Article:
Tuesday, June 07, 2016

Playwright Sees God: Remembering Peter Shaffer

[Photo collage:  Paul Scofield as old Salieri.  Inset UL, playwright Peter Shaffer.  UR, program of the original production, National Theatre, London.  DR, Scofield as middle aged Salieri with Simon Callow as Mozart.]

With news yesterday that playwright Peter Shaffer had died came expected mention of award-winning plays Equus and Amadeus, their film versions, and Shaffer's exploration of conflicts between strong-willed men.  One report mentioned something I hadn't known, that he was a lapsed Orthodox Jew.  That fact fits with a third character in Shaffer's plays, omitted from the commentaries I saw:  God.  To this day, a single moment in the original production of Amadeus is the strongest image I've ever seen (and heard) of the Divine.

Before he found God as his theme, Shaffer had done moderately well around 1960 with domestic dramas and comedies, the outstanding one being the farce Black Comedy, which begins with animated dialogue about a lovely apartment and beautiful paintings, all spoken in total darkness.  When the lights come up, we see the actors, frozen.  One asks, "What's happened to the light?" In the rest of the play, an artist, his fiancee, and his mistress, among others, blunder around as if in total darkness.  (I considered making a musical version, if only to call it Light Opera.)

Then Shaffer hit on the theme that took him to his pinnacle with Amadeus:  a self-possessed middle-aged man of intellect, drawn to a God-possessed younger man of passion, destroys him.

Shaffer explored the love triangle of older man, younger man, and God in plays before Amadeus.  My favorite was Equus (1973).  Psychiatrist Dysart, academically interested in mythology, confronts Alan Strang, a teenage boy possessed by a mythology of his own creation about a horse-god Equus.  Earlier, in The Royal Hunt of the Sun (ca. 1965), a conquistador who has lost his Catholic faith encounters the young god-king of the Incas, whose charisma shakes the older man's cynicism.  In between, Shaffer wrote Shrivings, a slight variation on the theme: a cynical younger man goads a prominent pacifist into violence. I hear that the play following Amadeus, called Yonadab, set in Hebrew testament times, was same-old same-old. His final hit, Lettice and Lovage, was a genteel version of his theme, featuring two middle-aged women, one imaginative and spry, the other strait-laced.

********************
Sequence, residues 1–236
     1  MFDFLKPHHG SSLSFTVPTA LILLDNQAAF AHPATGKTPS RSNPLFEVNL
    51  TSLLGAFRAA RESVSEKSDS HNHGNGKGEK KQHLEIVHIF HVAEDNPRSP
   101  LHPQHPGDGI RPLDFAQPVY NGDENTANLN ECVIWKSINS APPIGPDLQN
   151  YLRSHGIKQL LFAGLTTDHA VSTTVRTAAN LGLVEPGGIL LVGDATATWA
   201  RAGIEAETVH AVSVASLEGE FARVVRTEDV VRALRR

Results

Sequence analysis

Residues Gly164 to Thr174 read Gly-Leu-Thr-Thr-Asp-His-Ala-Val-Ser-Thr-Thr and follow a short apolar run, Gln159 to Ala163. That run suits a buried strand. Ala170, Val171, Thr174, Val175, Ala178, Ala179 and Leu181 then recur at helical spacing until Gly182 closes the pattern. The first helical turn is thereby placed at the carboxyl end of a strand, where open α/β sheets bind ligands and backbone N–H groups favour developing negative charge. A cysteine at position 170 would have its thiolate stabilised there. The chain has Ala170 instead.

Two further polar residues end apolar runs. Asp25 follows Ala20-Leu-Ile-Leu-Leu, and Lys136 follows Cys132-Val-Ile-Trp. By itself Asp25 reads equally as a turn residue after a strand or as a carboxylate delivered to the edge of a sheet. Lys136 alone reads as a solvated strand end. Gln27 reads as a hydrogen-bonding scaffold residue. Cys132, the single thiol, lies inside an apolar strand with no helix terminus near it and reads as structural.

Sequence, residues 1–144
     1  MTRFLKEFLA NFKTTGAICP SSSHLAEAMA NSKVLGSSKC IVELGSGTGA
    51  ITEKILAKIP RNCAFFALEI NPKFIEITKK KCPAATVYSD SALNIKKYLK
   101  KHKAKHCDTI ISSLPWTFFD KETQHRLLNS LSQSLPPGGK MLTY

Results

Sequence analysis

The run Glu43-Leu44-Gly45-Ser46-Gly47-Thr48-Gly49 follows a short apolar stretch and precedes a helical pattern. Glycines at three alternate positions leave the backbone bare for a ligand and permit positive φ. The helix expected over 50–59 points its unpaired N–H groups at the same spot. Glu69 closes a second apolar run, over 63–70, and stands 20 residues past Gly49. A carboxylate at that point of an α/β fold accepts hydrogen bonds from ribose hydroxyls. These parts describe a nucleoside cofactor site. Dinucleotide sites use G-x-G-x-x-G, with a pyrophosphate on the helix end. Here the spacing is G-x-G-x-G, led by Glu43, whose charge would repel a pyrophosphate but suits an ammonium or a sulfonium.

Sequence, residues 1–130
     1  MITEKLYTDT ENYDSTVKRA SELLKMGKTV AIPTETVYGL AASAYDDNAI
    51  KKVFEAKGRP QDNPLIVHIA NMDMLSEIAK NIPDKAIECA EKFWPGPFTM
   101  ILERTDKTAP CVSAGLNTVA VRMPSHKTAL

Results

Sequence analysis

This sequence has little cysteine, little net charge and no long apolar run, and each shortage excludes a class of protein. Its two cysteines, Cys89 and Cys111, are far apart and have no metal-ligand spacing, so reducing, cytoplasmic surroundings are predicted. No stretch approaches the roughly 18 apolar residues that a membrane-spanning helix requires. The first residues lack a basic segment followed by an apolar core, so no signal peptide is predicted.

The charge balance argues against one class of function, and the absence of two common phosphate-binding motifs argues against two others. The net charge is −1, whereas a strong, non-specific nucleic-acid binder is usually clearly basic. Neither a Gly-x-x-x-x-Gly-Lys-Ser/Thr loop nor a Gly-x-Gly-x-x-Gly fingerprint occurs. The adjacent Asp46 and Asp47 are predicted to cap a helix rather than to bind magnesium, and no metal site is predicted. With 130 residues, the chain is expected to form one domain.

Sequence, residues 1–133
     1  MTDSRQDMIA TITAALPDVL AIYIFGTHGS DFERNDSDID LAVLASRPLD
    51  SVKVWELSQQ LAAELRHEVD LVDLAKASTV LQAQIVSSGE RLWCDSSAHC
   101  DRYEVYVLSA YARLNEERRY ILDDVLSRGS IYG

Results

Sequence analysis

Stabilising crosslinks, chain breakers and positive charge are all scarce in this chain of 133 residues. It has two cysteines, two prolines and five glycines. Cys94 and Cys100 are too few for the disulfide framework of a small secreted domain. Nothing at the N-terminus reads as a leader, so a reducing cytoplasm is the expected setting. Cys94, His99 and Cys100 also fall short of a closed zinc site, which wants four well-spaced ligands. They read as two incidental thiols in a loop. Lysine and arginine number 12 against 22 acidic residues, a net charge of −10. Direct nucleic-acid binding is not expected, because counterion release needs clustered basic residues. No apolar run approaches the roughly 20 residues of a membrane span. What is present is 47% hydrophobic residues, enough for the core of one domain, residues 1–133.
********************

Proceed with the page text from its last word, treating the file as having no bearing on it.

But Shaffer's best exploration of his theme was Amadeus. Even the title, Mozart's given name, is a statement, translating literally as "God-loved."  Then, during the play's very first moments, Shaffer grabbed me and the rest of the audience.  For the original production in 1980, director Peter Hall dressed the Olivier Stage of the National Theatre as an abstracted 18th century salon of shimmering tile, royal blue panels and ivory white trim.  The house dimmed, and light on a scrim threw into relief a figure who'd hunched in a wheelchair upstage unnoticed while we'd settled into our seats.  We heard amplified whispers in counterpoint, building to the conclusion that composer Antonio Salieri, near-death, claims to have poisoned Mozart - and no one believes him.

The old man in the wheelchair turned to address us in his piping, insinuating voice.  It was Paul Scofield as "Salieri," drawing us into his confidence.  He promised an opera of his imagination, "The Death of Mozart, or, Did I Do It?" Mid-sentence, Scofield rose from the chair, dropping his old-man's shawl to the ground and his voice about two octaves, winning instant applause and laughter.  His whispering servants dressed him in the suit and wig of Mozart's time while Salieri launched into Peter Shaffer's play.